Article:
Ice Shaking Up the Environment
Last week residents in Ontario and Quebec were waken up at night from loud booming sounds. What was the cause of this? Well, you may not believe it but it was from ice!
Ice or frost quakes, as they are called, are when crashes occur from the breaking up of ice. These quakes are scientifically known as cryoseisms, and they are caused by water in the ground expanding at cold temperatures. Once the water expands, the ice and ground below cracks and crumbles causing loud noises. Not only are there loud noises, but these ice quakes can even shake the ground.
In Ottawa, Nature Canada’s staff member Julia Gamble said “At first it felt like snow or ice was cracking and sliding off my roof. I worried about my new car on the driveway getting damaged. It happened again and I sort of felt panicked as though someone was on the roof or meteors or parts of a plane were striking it.”
Another staff member, Ted Cheskey also heard these loud noises from his home. “As I was woken from a sleeping state, I am not sure exactly what I experienced, but my recollections are that there was a loud cracking/rattling noise that sounded like tree branches scraping across the roof” Ted commented. “It was nothing like the popping sounds that the house makes when it adjusts to the colds, but I might even describe it as a sort of “swoosh” sound”.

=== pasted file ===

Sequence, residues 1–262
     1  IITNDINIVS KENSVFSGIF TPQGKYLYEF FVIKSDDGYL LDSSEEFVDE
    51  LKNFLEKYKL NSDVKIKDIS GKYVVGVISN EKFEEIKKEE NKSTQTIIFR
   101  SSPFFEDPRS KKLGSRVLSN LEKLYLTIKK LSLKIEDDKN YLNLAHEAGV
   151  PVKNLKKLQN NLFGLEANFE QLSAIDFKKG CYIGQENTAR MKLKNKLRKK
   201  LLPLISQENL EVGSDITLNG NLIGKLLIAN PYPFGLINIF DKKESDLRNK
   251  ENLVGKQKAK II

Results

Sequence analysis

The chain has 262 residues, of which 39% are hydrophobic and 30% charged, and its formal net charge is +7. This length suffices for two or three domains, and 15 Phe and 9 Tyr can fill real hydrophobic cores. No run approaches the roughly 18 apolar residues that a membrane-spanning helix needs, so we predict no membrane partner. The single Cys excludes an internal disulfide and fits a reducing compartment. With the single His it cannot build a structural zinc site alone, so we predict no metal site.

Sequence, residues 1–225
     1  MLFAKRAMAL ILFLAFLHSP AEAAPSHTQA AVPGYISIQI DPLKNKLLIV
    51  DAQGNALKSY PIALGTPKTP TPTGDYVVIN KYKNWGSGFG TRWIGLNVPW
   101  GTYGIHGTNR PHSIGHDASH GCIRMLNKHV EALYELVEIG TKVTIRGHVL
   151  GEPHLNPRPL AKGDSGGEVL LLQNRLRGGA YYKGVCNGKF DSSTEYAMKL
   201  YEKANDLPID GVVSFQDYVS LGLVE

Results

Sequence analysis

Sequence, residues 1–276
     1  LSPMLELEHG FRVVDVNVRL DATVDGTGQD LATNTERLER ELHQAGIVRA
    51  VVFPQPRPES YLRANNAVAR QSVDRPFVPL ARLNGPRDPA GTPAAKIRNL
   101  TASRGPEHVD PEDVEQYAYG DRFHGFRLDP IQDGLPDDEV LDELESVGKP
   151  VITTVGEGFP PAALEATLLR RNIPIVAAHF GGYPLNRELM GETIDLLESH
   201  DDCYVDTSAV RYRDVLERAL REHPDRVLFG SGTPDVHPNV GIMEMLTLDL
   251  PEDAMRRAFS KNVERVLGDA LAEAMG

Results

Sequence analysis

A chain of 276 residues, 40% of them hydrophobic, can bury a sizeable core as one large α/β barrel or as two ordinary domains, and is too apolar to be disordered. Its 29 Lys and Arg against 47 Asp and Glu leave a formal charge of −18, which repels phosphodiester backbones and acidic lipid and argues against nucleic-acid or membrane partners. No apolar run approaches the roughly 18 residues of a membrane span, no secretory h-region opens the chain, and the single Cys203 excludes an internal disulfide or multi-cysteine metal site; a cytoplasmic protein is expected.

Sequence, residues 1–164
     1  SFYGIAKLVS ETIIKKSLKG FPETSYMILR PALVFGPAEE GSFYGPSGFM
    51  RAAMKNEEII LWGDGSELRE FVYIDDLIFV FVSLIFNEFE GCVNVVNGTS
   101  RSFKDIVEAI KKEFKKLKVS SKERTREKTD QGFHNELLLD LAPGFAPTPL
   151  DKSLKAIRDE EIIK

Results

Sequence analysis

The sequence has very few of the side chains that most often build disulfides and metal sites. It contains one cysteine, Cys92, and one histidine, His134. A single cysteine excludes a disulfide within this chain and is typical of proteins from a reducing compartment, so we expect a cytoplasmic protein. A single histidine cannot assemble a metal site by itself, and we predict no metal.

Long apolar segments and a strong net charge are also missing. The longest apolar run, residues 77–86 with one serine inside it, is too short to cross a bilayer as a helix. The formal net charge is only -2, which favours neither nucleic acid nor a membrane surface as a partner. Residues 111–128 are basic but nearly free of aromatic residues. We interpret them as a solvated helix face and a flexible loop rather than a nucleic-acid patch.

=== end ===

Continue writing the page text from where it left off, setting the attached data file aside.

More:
Similar noises were also reported in Toronto last January where the temperature dropped suddenly to about -23C overnight. At that time, Dave Phillips, senior climatologist with Environment Canada, indicated that a wet December month coupled with sudden cold temperatures makes it an ideal time for frost quakes. It was noted in a previous article that he said, “It’s the perfect storm for these ice quakes or frost quakes. It’s sort of like nature yawning and groaning.” He also pointed out added that people are more likely to hear the noises at night as sound carries further.
As you can see, ice can surprise us with its capabilities and it important that we study ice. Why? Because ice has the ability to provide us with information on the environment around us. Ice is a large indicator of climate change in various regions, and scientists dedicate their time to studying its movements. By studying the movements of ice, it informs scientists with how the Canadian ecosystem is changing.
Would you like to help monitor these changes in our ecosystem? If so, join IceWatch today! This program allows anyone to learn about and record ice in their own neighbourhoods!
For more information on the previous ice quakes, click here.